Although the main focus of my work is Lake Winnipeg and other Manitoba lakes, I keep my eyes open for news about blue-green algae in other jurisdictions. It seems logical to me that repercussions of blue-green algae blooms in other areas may also occur in Manitoba, if not now at some future point. This news item today caught my attention because if we lose access to our safe drinking water supplies, that becomes a monumental problem.
The city of Toledo and other communities around parts of Lake Erie are concerned that increasing toxicity in the blue-green algae blooms may become serious threats to their drinking water. According to Kelly Frey, the Ottawa County sanitary engineer ““No one has expertise on treating this stuff,” Frey said. “This whole experience is something new. It puts us on edge every day.”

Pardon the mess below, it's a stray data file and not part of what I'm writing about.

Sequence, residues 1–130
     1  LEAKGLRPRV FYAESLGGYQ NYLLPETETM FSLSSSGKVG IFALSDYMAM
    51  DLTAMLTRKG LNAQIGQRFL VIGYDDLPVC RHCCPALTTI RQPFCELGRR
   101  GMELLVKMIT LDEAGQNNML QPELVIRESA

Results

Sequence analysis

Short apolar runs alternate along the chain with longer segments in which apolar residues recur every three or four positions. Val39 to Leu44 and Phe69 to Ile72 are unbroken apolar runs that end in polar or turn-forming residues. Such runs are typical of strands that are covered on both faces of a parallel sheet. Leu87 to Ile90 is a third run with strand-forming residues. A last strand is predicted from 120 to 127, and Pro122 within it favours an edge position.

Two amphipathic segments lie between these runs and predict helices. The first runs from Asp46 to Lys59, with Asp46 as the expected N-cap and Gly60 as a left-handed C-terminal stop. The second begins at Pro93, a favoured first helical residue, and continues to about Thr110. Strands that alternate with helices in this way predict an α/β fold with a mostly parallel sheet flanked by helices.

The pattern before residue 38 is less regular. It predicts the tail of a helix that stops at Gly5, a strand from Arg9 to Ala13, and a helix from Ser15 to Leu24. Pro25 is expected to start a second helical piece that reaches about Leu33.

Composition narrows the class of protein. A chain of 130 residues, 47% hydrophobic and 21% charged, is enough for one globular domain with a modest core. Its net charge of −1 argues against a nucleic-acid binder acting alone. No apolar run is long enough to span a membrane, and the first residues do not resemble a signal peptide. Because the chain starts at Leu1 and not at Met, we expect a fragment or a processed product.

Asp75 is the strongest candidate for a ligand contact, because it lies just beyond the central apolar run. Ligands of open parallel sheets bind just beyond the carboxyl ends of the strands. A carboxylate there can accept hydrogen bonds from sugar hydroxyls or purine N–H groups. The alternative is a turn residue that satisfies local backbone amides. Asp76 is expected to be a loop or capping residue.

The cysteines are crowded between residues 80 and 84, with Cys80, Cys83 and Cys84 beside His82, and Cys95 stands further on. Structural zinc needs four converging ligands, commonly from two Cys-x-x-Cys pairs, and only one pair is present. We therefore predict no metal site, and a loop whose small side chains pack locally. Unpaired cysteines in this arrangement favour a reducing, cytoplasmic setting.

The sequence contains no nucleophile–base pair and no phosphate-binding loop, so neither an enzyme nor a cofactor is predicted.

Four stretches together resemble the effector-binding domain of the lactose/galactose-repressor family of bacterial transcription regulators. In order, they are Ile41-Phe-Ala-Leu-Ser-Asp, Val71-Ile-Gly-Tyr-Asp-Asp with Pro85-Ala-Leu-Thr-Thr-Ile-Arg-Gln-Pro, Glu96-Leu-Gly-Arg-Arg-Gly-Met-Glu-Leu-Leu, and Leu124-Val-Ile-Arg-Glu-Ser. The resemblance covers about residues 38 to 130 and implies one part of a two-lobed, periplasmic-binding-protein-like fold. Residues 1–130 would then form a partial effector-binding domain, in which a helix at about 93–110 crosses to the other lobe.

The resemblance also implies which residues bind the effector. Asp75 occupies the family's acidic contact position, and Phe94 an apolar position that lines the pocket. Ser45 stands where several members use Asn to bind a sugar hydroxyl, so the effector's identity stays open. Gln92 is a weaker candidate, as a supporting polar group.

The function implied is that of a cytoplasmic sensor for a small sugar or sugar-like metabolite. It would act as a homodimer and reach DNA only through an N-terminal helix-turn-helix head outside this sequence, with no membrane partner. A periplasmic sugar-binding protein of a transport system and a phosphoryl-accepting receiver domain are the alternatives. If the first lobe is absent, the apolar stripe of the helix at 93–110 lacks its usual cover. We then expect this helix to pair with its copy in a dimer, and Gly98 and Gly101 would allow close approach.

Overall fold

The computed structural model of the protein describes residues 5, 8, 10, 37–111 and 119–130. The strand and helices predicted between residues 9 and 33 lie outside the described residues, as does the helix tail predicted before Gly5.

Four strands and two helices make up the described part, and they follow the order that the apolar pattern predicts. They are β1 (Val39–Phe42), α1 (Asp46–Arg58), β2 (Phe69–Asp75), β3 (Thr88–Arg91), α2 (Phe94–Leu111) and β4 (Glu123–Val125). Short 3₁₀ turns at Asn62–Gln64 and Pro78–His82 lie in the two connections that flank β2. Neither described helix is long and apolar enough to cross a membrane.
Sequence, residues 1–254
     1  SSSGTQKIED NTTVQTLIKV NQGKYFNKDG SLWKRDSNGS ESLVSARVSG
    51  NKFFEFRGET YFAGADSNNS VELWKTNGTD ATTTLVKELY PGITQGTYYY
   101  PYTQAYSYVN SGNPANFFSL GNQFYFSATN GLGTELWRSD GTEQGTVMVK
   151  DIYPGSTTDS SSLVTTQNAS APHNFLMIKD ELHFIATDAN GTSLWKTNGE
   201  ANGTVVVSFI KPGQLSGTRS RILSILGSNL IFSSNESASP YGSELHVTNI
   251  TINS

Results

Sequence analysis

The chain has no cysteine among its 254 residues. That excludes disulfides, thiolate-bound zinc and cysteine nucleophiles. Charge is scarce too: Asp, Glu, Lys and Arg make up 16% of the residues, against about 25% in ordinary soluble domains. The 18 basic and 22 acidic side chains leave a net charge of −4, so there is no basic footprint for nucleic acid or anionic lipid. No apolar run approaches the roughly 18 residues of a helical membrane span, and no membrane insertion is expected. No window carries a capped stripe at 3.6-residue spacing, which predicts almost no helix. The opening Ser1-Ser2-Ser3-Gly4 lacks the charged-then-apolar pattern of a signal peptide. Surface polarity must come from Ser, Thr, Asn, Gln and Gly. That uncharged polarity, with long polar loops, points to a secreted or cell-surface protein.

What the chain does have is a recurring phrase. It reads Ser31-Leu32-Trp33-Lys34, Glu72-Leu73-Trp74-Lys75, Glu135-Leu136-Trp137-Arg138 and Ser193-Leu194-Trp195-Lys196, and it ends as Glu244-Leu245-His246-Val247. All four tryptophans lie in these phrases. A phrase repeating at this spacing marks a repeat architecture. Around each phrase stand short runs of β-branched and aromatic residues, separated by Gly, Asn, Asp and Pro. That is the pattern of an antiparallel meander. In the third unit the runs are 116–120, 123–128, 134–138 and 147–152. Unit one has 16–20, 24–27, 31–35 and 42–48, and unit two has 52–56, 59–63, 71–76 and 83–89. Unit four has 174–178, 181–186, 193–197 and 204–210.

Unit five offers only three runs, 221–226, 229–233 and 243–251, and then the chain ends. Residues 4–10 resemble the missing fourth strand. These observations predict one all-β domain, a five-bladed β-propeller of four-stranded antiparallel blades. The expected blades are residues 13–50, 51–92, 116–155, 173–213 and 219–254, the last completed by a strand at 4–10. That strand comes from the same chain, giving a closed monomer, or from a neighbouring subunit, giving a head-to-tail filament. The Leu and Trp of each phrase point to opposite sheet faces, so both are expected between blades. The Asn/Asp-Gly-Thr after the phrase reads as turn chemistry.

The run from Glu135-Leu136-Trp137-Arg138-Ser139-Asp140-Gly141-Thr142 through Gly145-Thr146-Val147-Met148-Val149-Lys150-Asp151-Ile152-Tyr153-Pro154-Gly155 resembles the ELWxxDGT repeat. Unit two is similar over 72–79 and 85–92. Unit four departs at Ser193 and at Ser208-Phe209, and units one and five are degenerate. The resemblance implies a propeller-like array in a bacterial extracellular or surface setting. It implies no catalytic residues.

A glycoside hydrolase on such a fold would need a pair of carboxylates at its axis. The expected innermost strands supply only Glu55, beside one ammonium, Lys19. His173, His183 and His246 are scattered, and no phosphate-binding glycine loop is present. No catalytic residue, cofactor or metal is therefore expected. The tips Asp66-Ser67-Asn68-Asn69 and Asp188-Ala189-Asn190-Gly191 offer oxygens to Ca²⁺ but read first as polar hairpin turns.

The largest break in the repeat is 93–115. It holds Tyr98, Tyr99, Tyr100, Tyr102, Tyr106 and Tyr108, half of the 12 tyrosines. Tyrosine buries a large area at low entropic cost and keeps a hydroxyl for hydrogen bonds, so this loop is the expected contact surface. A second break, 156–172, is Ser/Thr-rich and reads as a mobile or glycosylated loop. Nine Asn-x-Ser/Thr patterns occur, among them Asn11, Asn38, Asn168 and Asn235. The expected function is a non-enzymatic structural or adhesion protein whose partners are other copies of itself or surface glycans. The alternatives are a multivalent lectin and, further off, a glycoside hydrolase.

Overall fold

Lake Erie is often referred to in discussions about Lake Winnipeg because 35 years ago it was in very unhealthy state due to huge algae blooms. At that point communities around the lake invested significantly in cleaning up point sources of the problem phosphorus (primarily sewage treatment) and the lake rebounded to a much healthier state. However the algae blooms have now appeared again, threatening tourism, fishing, and even drinking water supplies. The attention now is on the non-point sources of phosphorus, primarily agriculture, because they have already minimized the contributions from sewage.
We are still lagging behind in Manitoba, both on the point sources of phosphorus and the non-point sources. I hope that this news from Lake Erie helps to light a fire under us here in Manitoba. There is so much more we could be doing to decrease the threats of blue-green algae in our lakes but it will require significant investments. The costs of not acting now will be so much greater in future decades. Let’s be wise with our actions and our money.